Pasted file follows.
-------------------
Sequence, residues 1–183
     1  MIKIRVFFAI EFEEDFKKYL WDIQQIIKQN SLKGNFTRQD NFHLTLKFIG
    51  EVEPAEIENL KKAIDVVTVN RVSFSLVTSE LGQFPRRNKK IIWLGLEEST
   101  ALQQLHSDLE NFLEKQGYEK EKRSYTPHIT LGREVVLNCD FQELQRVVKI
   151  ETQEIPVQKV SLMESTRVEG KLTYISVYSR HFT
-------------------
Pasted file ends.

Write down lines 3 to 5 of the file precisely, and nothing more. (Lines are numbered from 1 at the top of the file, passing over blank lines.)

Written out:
    51  EVEPAEIENL KKAIDVVTVN RVSFSLVTSE LGQFPRRNKK IIWLGLEEST
   101  ALQQLHSDLE NFLEKQGYEK EKRSYTPHIT LGREVVLNCD FQELQRVVKI
   151  ETQEIPVQKV SLMESTRVEG KLTYISVYSR HFT